In family therapy, families come together to work on problems that they are experiencing. Often, several members of the same family need to talk to each other in a controlled environment to work through issues that are affecting their everyday lives. When families come together in therapy, a lot can be accomplished. However, it is important to have assessment techniques so the person who is conducting or in charge of the therapy can make sure that the therapy has worked as it should.
Provide each family member with an assessment that has questions you would like them to answer. Each family member can fill out the assessment and turn it in to you. You should write the questions in a way that will help the family members divulge the information you would most like to get from them. That way, you can read through the assessments and see what has been working and what has not been working, as well as catch any additional concerns that you will need to deal with eventually.
Begin a discussion about the family during one of your sessions, and ask each family member to be open and honest about the various things they currently worry about or have issues with. Each family member should listen and participate to the discussion and assess themselves in the same manner. As you listen to the family have a discussion about themselves, you can assess the situation and see if it has gotten any better or any worse since you began therapy.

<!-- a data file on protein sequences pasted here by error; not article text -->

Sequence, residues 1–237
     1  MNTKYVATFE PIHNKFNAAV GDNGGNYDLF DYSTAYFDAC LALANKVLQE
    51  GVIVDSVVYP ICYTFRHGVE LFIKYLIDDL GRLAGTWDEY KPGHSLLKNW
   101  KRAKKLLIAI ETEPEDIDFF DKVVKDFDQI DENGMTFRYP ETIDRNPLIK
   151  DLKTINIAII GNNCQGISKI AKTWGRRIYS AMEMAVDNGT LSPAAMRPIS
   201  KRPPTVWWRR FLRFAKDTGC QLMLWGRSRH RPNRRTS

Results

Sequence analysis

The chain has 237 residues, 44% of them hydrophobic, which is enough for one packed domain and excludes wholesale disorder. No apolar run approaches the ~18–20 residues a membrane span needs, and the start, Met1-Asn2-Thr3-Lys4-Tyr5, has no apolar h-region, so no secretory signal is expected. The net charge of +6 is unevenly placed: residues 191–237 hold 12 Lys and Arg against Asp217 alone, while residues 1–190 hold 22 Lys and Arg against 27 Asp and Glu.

Ask each family member to keep a journal as they progress through therapy, but ask that these journals be turned in before each session. Read through the journal entries of each family member after the sessions to see if things are improving and to assess the situation. As the family progresses through therapy, you can read each of the journal entries and see if the family is doing well or see what additional issues you should be dealing with in therapy sessions.
Play Acting Assessment
Have the members of the family get together during a session to do play acting. In this session, ask each of the members of the family to portray themselves before they began therapy and remember what issues they had to work on. Observe what each family member does and what they feel their issues were. Then ask the family members to playact that they are themselves currently, after going through therapy. Observe the differences in their behavior and see if the intended goals have been achieved.
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